I can see why cbm's are needed. And I'm not surprised that the New York Times insists they're needed, where they really aren't.
Crossposted on Yourish.
Posted: 30 Aug 2010 04:51 AM PDT
Ali Abuminah, the founder of the anti-Israel website, Electronic Intifada, has been given op-ed space in the New York Times. In that space he has written the highly misleading, Hamas, the I.R.A. and Us. I will have to disagree with some of my allies, as this is not the lowest the New York Times has sunk; the Times has given op-ed space to an actual member of Hamas, not just one of its sympathizers. (via memeorandum)
Mr. Mitchell's comparison is misleading at best. Success in the Irish talks was the result not just of determination and time, but also a very different United States approach to diplomacy.
This is the heart of his specious claim: Hamas is just like the IRA and just like the IRA was convinced to make peace by being engaged instead of shunned, so too Hamas must be engaged in order to make peace in the Middle East.
Well for this analysis to hold, for one thing, Hamas and the I.R.A. ought to be comparable. They're not.
All these contrasts come back to the one major difference between the IRA and Hamas -- religion. For the Irish, religion is not rooted in all facets of life as it is in with Israelis and Palestinians. Religion in Northern Ireland is understood as a cultural and historical force, while in the Middle East it ties Israelis and Palestinians to the same land. Furthermore, Hamas being a religious organization claims religious justifications for attempting to wipe out Israel. This factor is what differentiates the two groups and will ultimately prove how futile Hamas' reform efforts are.
Z-Word lays out how the concession to Gerry Addams would translate into terms of the Arab-Israeli conflict:
The concession of the visa to Adams, for a trip which involved nothing more than glad handing Irish American supporters of the Provisional Republican movement, may well have improved the mood of certain sectors of Sinn Féin - IRA with regard to calling a ceasefire. If the concession of US visa to Ismail Haniye for a trip that would allow him some tea drinking and back slapping with Arab American supporters were likely to lead to a complete Hamas ceasefire leading to something like a Good Friday deal between Israel and Hamas, I'd be all for it.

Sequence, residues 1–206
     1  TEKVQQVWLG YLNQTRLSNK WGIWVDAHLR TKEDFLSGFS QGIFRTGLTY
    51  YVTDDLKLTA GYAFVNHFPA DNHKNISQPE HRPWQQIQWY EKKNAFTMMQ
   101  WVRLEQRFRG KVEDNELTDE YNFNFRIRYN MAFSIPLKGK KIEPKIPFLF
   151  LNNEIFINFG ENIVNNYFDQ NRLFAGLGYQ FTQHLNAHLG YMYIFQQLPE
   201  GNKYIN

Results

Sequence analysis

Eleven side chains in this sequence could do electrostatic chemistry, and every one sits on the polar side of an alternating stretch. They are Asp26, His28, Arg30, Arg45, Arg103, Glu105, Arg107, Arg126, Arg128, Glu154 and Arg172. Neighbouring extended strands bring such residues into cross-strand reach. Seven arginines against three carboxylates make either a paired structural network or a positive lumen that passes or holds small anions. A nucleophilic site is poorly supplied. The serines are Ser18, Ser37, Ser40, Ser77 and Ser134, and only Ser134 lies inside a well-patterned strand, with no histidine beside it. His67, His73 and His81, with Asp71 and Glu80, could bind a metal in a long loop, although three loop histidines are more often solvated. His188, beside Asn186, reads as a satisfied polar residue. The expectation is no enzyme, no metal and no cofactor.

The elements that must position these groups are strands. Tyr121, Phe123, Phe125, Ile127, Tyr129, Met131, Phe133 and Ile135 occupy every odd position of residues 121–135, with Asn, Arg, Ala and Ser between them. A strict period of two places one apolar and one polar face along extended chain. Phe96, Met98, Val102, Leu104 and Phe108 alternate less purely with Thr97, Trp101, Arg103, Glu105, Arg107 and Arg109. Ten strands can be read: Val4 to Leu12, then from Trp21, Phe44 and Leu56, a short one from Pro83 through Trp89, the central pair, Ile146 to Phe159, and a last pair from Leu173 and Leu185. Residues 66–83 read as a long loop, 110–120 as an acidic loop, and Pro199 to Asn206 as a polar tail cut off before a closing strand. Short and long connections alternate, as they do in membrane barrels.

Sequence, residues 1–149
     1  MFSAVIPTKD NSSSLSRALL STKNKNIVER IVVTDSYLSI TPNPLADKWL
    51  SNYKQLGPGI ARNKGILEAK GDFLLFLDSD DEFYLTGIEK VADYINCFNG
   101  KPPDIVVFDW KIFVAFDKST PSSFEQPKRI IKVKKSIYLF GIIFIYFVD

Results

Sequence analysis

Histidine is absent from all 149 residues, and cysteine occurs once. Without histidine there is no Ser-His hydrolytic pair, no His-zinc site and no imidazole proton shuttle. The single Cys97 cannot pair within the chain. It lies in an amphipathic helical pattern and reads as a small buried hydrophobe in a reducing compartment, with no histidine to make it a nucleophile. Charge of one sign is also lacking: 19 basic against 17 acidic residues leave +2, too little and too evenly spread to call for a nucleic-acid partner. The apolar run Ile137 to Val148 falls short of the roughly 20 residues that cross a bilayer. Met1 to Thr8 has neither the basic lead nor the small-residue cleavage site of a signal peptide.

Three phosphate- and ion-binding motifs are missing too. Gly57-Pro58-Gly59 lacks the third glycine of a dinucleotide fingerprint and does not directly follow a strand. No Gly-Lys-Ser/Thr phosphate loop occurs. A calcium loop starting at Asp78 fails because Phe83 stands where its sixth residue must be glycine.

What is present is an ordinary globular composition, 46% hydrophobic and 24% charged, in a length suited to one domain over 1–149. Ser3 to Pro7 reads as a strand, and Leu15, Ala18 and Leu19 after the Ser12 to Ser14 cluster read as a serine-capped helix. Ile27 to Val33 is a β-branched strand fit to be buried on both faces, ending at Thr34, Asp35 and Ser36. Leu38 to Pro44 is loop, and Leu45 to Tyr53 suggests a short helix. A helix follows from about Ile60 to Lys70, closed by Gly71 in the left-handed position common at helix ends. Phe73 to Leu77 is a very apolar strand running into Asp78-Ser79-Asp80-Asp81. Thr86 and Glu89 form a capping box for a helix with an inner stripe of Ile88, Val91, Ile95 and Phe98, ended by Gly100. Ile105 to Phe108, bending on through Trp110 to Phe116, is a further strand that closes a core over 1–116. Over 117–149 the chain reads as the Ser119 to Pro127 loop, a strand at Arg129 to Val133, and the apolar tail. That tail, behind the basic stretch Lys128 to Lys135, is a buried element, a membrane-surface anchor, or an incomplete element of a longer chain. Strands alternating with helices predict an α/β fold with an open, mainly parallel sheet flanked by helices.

Abuminah argues that John Hume - a negotiator of the peace accord for Northern Ireland - wrote an op-ed advocating for Israeli recognition of Hamas. However, that isn't the unanimous position of all those involved. David Trimble, also Nobel Lauereate for his efforts wrote:
If there is one lesson to learn from the Northern Ireland experience, it is that preconditions are crucial in ending violence and producing a settlement. Being overgenerous to extremist groups is like giving sweets to a spoilt child in the hope that it will improve its behaviour - it usually results in worse actions. Our experience suggests that while some flexibility is desirable, there have to be clear principles and boundaries. A failure to recognise this risks drawing the wrong conclusions from the recent history of Northern Ireland and fundamentally misunderstanding the peace process.
Could I just add one thing to that, if I may? Of course, negotiation is far, far better -- infinitely better -- than military action. As far as Northern Ireland is concerned, we welcome hugely the progress that has been made following the Good Friday Agreement. It also has to be said that before that happened, there had to be a change of approach by those who saw terrorism as the answer. And that approach partly changed because of the firmness of the military and police response to that terrorism. And if there had not been that firm response by successive British governments and others to the terrorist threat that was posed on both sides, we would not have been able to get some of those people into negotiations. We would not be marking what is a satisfactory day in the history of Northern Ireland today.
Fresno Zionism attacks Abuminah's claim of the sanctity of the Palestinian right of return.
You must give Abumimah and his friends credit for chutzpah: first, they invent a 'right' -- the repatriation of the descendants of refugees from a war that their own leaders caused -- that has never existed in history, then they breed a whole population in misery for years to make a demographic weapon of mass destruction out of them, and finally they demand that they be allowed to use it to end the Jewish state. What will remain for them to 'recognize'?
Balfour Street makes a similar argument.
Elder of Ziyon gets to the heart of the matter with a single rhetorical question:
So according to Abunimah, for Israel to ask its negotiating partners to not demand its violent destruction is "unworkable"?
Crossposted on Yourish.
Posted: 29 Aug 2010 02:51 PM PDT
Welcome to Musical Monday a weekly feature that Elie and I alternate hosting - sometimes getting a little help from our friends. Though Yitz figured out the theme, there are still plenty of songs to be ID'd from Musical Monday #155.
1) I can make it longer if you like the style,
Other than the instrumentals, (Also Sprach Zarathrusta, A fifth of Beethoven) I knew about The Lover's Concerto, All By Myself and Could it be Magic.
I was unfamiliar with Green Day's Basket Case, but when I saw that it was based on Canon by Pachelbel - my favorite piece of classical music, well I could quite believe it.
Do you hear a similarity? :-)
1) The gleam in your eyes is so familiar a gleam